I love using natural dyes for colouring my Easter Eggs. Using them feels like one giant science experiment, and the results can vary depending on which brand of tea you use and how long you leave the eggs in the dye. Plus, with Tea-dyed Easter Eggs you don’t have to buy a commercial kit with tons of packaging.
The only bad part? If you don’t know what you’re doing, dying Easter Eggs with tea can be time consuming.
Over the last 3 years I’ve been experimenting with natural food dyes, and feel like I’ve got my method down to a science for the quickest-possible results. Some of the darker colours will still need to soak overnight, but I feel the stunning results you get are worth the wait.
In this post I’m going to share my method for dying Easter eggs with tea, but I also highly recommend you check out my extensive post on Naturally Dyed Easter Eggs for more options. I tried out 24 different methods and narrowed it down to the best ones so you don’t have to guess.
For this post I tried out six different teas:
- Celestial Seasonings True Blueberry
- Hibiscus Tea
- Celestial Seasonings Raspberry
- Celestial Seasonings Black Cherry
- Celestial Seasonings Turmeric Ginger
- Lemon Green Tea
P.S. If you check out the links for the True Blueberry, Raspberry, and Black Cherry, you’ll notice they all go to the same link for a tea sampler. I feel it’s more cost effective to purchase these three flavours this way.
I would have liked to try a matcha tea or one with beetroot in it, but if I was being honest with myself, these were teas that I probably wouldn’t drink after my experiment with dying Easter Eggs was over. It was also -30 and I was a few days away from delivering my baby, so my motivation to leave the house and find teas I didn’t already own was about zero.
How to Naturally Dye Easter Eggs with Tea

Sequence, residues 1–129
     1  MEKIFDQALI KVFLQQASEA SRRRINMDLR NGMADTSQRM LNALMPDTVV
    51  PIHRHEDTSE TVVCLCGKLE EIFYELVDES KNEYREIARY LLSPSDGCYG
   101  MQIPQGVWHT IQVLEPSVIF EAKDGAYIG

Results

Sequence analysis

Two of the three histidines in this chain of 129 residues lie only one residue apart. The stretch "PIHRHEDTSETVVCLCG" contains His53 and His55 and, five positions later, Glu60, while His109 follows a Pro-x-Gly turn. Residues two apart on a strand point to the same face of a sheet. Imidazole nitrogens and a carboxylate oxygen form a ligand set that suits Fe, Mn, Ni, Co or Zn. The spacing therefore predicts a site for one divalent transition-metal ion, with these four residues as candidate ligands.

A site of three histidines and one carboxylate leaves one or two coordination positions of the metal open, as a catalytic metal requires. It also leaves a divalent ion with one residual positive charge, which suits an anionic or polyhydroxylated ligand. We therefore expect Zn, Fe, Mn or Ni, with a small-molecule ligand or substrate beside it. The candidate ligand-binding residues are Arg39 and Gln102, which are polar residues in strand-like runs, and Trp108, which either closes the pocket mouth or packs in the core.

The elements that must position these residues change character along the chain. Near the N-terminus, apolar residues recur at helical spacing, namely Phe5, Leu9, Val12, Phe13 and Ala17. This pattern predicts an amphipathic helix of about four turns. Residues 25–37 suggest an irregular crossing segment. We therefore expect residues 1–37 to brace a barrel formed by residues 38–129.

The key to success with natural dyes is to get your dye as concentrated as possible. For each of the eggs, I opened three tea bags and put the contents in a small jar with approximately 1/2 cup to 3/4 cup hot water and 2 tbsps white vinegar.
I left all of these eggs in the fridge overnight to get as dark as possible. However, I did notice that most of the teas were starting to absorb into the egg shell within 10 minutes, and could have been removed if that was the colour you desired.
Here’s my results with the different teas:
I was very impressed with the results of the blueberry, hibiscus, and lemon green tea. The vibrant colours are beautiful, and all three teas dyed the eggs quickly enough that they could have been removed earlier for a more pastel colour.
The raspberry and cherry teas ended up being too brown for my taste. I personally don’t like dying eggs brown because you can easily purchase brown eggs. I have dyed Easter eggs with actual raspberries and chokecherry juice before, and both produced beautiful results.
My guess is that there are other ingredients in the tea that turn the eggs mostly brown instead of pink (raspberry) and purple/blue (cherry). If you’re really set on using tea instead of the actual fruit or its juice, maybe another brand would work better.
I was very disappointed in the ginger turmeric tea. Turmeric on its own makes a beautiful, vibrant yellow colour in minutes. This tea must have more ginger than turmeric, as the colour was nowhere near as vibrant as I was expecting. Maybe this variety of tea would work better.
Will you try dying your Easter eggs with tea this year? If you do, let me know in the comments or post on the Shifting Roots Facebook Page. I save the pictures and I have a special page of reader results that I’d love to add your picture to.
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Kristen is a former farm kid turned urban gardener who owns the popular gardening website, Shifting Roots. She is obsessed with growing flowers and pushing the limits of what can be grown in her zone 3b garden. She also loves to grow tomatoes, but oddly enough, dislikes eating them raw.